Sunday, April 20, 2008
I have a friend who has 2 dogs (a border collie-Irish setter mix and I can't remember what breed the other one is but they are both hyper) and she, accdg. to her, gives them regular baths... Good for her--her dogs need it because they run & play outdoors (& hunt) a lot. My 2 greys on the other hand, just got their first bath (and probably the only bath they'll ever need) today. First, greys have shorter coat and they produce less of the oil that gives the dogs their doggie smell (Hanna smells like a freshly bathe baby most of the time). Second, my greys only go out to do their business and exercise (walking, leashed). They play and sleep and pretty much do everything inside our house. After each walk, their paws get wiped (we have 2 cats & a beige carpet). Before they enter the bedroom (bedtime), they get whole body wiping with Arthur's Doggie Paw Wipes. Too much bathing will also cause skin dryness (strips the skin of its natural oils). So when my friend gave me that surprised-disgusted look when I told her my greys get baths once a year or only when they play in the mud, I have to educate her on these reasons.
So, I have been dreading giving Hanna & Louie the bath. But it turned out to be a pleasant experience--neither of them gave me a hard time. They just stood still in the tub. I only got wet when I washed their heads and ears (which I saved for the last). Both slept soundly afterwards...ahh, this is a good life!
March 22nd was the day when we lost one of her front toenails. By third week of April, a small portion of what looks like a black toenail is becoming visible. No more daily wound irrigation & dressing. No more cumbersome bandages too(that Hanna hated so much she tried to lick them off). Will post pics of cute toenail later.
Thursday, April 10, 2008
Husband has been going to greytalk.com and one interesting topic that they discussed was, "10 things they didn't tell you when adopting a greyhound". It is a pretty good forum for greyhound owners where you learn from others' experiences (and those not typically mentioned in the Greyhound care manuals). Anyway, one of the things mentioned in that 10 things list was: they always give you the good greyhound first.
Very true indeed, at least in our case. Hanna is our first dog as adults. Husband & I are still learning the ropes (until now) but Hanna is a very easy and a very typical greyhound (45 mph couch potato).
When we first got her some five and a half months ago, she was very unsure of herself, very shy, easily spooked, jumpy at times and quite clingy. Well, of course, they all go through the attachment to their person/mommy/daddy unit phase and the accompanying separation anxiety when that unit is not visible. I even had to shower with her inside the bathroom (not in the shower cubicle) so she wouldn't whine the whole time I am showering. The slightest noise from my baking pans would make her jump, the buses, the kids' playing in the baseball field, and most especially, the lawn mowers. But that was months ago and suddenly, she isn't that clingy anymore. She has achieved the object permanence. And that was such a relief for me...my shadow has learned to relax.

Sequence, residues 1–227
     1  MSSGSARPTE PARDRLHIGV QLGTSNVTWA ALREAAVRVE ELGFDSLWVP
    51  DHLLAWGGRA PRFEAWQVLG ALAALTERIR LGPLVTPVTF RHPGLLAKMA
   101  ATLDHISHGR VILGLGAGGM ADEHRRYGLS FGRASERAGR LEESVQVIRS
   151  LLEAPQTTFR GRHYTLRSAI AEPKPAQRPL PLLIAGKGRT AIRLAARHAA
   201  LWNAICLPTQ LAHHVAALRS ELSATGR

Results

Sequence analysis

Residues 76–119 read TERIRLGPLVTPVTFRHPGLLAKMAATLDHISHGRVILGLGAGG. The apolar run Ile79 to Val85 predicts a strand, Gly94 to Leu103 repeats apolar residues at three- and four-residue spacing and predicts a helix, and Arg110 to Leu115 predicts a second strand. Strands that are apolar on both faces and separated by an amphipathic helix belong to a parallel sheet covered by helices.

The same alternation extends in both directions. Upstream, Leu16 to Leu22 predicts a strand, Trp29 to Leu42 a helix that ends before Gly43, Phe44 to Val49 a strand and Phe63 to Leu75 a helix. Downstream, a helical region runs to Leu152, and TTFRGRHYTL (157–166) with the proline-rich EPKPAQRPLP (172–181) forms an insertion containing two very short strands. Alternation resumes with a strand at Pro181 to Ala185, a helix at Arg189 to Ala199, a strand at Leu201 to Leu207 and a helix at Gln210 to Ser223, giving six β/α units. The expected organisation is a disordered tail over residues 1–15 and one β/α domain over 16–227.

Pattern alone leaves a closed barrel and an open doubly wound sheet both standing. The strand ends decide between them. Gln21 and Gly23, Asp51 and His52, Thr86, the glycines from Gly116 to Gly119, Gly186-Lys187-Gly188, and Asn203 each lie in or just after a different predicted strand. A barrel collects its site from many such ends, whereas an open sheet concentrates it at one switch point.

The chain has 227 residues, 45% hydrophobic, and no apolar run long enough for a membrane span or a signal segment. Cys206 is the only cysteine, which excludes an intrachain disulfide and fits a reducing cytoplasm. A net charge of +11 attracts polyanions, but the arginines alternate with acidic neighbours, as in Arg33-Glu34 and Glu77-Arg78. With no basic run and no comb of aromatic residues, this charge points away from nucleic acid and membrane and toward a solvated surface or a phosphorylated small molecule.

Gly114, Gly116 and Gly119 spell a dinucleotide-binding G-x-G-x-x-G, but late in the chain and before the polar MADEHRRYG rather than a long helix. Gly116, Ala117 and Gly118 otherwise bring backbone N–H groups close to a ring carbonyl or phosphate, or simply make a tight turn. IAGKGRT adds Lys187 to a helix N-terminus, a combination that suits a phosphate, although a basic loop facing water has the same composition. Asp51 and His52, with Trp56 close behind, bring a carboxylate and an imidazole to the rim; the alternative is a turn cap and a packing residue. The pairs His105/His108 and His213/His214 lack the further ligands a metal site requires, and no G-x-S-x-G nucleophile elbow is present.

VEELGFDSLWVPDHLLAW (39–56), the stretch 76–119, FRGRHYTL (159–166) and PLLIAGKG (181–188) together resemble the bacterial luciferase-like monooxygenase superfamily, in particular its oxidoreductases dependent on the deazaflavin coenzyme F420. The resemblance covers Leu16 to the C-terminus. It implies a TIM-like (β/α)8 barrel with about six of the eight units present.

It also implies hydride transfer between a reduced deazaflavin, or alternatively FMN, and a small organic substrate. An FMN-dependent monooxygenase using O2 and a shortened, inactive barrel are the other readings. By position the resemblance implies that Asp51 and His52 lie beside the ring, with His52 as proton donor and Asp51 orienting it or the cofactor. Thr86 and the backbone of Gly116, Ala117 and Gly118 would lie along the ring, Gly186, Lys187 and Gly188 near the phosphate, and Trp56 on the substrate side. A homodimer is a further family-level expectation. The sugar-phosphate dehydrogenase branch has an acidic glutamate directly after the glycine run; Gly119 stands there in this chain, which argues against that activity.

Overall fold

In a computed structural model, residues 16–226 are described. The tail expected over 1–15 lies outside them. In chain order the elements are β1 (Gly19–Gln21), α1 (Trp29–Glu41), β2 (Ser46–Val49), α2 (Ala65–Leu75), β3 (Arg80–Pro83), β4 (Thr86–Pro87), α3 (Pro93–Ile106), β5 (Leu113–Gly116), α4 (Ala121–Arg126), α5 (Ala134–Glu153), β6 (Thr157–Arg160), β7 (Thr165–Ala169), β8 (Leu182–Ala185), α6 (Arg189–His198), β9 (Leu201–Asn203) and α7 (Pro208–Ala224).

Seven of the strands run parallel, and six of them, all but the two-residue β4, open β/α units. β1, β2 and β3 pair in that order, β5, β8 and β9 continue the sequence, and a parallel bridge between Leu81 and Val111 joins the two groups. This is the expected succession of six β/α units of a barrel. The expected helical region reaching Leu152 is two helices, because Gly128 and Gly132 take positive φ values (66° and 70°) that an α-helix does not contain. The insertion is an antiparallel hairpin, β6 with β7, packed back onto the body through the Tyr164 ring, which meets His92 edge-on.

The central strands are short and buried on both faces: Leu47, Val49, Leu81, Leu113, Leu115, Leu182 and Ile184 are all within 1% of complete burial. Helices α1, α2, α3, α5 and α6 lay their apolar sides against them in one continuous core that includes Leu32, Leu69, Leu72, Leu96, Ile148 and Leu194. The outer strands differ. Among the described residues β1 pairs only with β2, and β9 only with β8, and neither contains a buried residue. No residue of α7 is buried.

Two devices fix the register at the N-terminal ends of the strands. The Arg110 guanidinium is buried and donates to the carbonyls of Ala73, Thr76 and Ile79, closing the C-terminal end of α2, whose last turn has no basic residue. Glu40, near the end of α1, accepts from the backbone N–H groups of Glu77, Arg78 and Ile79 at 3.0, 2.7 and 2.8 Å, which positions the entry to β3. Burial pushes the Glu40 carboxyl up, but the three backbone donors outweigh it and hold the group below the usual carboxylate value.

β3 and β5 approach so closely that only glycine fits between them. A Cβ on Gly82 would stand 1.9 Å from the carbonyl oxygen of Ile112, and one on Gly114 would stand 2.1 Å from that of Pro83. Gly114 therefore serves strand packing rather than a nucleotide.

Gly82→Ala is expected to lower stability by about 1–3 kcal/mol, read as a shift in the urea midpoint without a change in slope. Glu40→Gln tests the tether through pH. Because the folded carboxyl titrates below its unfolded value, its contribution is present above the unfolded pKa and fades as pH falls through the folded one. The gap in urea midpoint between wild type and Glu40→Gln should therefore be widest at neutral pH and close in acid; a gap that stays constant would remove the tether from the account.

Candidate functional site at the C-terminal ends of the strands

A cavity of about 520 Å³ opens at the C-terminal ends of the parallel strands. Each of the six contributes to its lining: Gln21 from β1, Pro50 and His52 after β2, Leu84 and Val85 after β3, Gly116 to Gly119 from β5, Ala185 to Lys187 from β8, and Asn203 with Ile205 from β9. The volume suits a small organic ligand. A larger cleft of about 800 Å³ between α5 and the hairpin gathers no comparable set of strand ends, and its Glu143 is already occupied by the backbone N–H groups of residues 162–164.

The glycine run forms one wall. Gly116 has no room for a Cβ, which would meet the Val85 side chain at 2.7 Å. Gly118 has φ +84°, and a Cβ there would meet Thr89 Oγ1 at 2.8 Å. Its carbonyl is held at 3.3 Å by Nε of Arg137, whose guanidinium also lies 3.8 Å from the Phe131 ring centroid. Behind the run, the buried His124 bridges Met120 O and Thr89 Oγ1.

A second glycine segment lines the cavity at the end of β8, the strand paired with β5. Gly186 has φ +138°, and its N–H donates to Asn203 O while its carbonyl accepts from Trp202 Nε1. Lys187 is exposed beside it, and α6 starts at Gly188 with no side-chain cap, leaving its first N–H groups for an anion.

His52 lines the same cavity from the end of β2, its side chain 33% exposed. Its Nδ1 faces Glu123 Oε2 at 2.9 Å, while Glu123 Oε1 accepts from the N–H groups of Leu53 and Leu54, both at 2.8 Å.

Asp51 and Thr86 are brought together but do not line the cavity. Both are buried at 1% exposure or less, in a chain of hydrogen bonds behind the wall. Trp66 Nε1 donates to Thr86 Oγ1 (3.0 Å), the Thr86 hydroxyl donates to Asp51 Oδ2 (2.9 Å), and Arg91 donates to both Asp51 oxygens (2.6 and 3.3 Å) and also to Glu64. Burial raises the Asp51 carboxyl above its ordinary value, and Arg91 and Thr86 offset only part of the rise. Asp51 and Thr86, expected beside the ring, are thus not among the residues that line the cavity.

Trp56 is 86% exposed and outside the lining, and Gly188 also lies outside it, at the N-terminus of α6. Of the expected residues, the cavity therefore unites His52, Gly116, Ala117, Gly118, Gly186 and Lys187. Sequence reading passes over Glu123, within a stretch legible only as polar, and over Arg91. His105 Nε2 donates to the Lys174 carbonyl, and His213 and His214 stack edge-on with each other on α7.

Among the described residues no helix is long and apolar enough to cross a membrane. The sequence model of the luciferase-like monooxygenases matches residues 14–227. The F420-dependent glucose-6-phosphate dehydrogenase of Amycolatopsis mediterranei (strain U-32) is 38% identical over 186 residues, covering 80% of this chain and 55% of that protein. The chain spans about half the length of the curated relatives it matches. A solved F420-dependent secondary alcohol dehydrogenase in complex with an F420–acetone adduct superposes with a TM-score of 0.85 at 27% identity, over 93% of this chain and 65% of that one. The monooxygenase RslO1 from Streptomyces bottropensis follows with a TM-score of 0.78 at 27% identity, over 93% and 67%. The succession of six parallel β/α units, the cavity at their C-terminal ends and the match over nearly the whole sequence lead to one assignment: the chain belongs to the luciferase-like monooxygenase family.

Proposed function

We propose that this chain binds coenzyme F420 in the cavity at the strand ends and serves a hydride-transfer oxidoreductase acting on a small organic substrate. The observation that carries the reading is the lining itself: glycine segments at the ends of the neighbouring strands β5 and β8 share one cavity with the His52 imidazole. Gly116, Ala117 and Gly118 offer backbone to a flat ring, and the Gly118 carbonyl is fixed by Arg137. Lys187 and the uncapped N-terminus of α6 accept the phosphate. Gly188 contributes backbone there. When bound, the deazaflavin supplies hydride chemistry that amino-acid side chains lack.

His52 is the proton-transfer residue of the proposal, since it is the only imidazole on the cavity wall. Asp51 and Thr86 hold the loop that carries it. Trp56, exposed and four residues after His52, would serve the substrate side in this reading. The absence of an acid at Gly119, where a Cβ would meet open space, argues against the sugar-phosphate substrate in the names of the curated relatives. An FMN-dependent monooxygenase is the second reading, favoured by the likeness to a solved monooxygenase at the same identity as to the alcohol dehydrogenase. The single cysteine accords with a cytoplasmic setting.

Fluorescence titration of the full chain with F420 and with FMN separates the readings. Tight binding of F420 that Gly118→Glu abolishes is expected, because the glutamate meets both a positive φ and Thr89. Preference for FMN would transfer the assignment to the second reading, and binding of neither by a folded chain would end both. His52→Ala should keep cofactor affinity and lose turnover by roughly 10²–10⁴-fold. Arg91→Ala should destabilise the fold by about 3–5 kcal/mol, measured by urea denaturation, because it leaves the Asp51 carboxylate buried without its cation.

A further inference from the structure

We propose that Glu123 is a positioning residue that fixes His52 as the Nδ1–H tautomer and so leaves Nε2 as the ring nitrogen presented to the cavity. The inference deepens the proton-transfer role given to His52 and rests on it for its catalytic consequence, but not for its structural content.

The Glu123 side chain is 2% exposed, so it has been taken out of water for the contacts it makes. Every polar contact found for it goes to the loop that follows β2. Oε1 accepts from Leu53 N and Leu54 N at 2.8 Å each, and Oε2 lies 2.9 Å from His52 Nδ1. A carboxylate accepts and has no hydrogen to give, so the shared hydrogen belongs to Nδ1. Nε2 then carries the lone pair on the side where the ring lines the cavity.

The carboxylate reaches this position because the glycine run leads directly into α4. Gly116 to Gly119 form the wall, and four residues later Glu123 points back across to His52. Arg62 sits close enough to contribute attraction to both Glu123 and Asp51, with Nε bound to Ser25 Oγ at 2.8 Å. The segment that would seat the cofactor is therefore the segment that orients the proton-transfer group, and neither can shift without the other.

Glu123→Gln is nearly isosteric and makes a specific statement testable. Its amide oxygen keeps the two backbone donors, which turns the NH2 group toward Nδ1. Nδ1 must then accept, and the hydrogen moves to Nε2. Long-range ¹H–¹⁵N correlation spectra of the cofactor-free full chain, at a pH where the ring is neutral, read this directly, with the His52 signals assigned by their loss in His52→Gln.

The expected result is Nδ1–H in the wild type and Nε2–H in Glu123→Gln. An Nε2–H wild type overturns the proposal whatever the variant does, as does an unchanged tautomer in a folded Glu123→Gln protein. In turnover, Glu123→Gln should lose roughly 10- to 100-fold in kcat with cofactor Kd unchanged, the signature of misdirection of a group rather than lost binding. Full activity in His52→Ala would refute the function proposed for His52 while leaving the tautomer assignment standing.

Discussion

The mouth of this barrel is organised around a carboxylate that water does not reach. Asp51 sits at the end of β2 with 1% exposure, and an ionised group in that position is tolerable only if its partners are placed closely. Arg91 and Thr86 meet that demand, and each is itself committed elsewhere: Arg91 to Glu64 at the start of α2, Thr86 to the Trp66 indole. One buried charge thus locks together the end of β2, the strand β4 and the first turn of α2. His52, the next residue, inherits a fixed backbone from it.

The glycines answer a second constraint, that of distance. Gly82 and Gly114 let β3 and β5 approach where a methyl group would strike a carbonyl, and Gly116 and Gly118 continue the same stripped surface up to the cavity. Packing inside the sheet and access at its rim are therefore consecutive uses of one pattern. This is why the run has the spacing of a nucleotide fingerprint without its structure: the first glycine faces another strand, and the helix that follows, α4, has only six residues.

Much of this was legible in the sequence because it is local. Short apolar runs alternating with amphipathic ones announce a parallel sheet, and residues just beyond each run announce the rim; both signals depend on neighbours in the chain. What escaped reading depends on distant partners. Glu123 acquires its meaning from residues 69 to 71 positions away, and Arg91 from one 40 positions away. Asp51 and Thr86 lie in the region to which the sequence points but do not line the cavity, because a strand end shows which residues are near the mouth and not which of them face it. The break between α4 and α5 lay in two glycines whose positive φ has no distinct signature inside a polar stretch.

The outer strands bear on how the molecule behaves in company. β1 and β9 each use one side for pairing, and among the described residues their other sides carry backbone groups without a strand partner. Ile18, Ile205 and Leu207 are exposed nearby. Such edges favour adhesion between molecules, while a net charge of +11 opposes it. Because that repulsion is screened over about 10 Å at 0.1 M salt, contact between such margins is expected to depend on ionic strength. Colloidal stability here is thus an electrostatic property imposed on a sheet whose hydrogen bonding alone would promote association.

She gradually settled in--we took her to trips and she was just so good in the car. One word of caution though, don't feed your greys with french fries! Husband & I got some fries during one trip and gave her 1 or 2 and a good 15 minutes later, there was a really offensive, car-clearing smell that emanated from the passenger seat and there's only one culprit. It was winter but we had to open all car windows just to clear the air. No more fries for Hanna since then.
When we got Louie a good 5 months later, Hanna helped in Louie's transition from the
kennel life to pet life. Greys are known for not knowing how to climb stairs (they don't have any in kennels) but Louie (whom we got straight from the kennels (we fostered him first)) mastered the formidable stairs on his 3rd day with us. I laid down treats on each step, moved one paw after the other and gave him a gentle lift/push-it also helped that Hanna was hovering around (to show him the ropes or steal the treats)...she showed him their beds/ toys and special place (crate)...I think she also showed him that cats are family members, NOT toys. She welcomed him and they were instant friends from thereon, but she's still the top dog.
Monday, April 7, 2008
was easy based on our criteria---cat friendly, laid-back/mellow (not very high energy), doesn't bark too much, and of course, a rescued retired racer. We didn't specify any gender, size or color. But I was silently hoping that he/she will be a brindle (brown with black patches) just like the first greyhound that we first fell in love with (our neighbor's). The adoption agency matched our profile & requested criteria with their available dogs and we won't know/meet her/him until the day when we actually receive her/him. We were however, given a "peek" on how she looks like a week before she arrived. She, yes, a she, a pretty she, if I may add, is a black tuxedo (black coat with white chest), 58 lbs, 2 y/o with a really nice smile. I was not disappointed that we didn't get a brindle, in fact, I loved her color--she is just gorgeous with that shiny coat.
When she walked into our living room that hectic afternoon of September 9th, 2007, husband & I were as nervous as she was. Ours was probably the third home she went to (her 2 foster families and us) in just a month (she arrived from the racing kennel a month earlier). She seemed timid, scared and nervous. She sniffed everything and finally settled on one of our big chairs. When I saw hubby looking at her with loving eyes and cooing at her like she's our little girl (he is a big man (6'7")so it is really an awesome sight watching him with her), I knew she is ours now and she's home....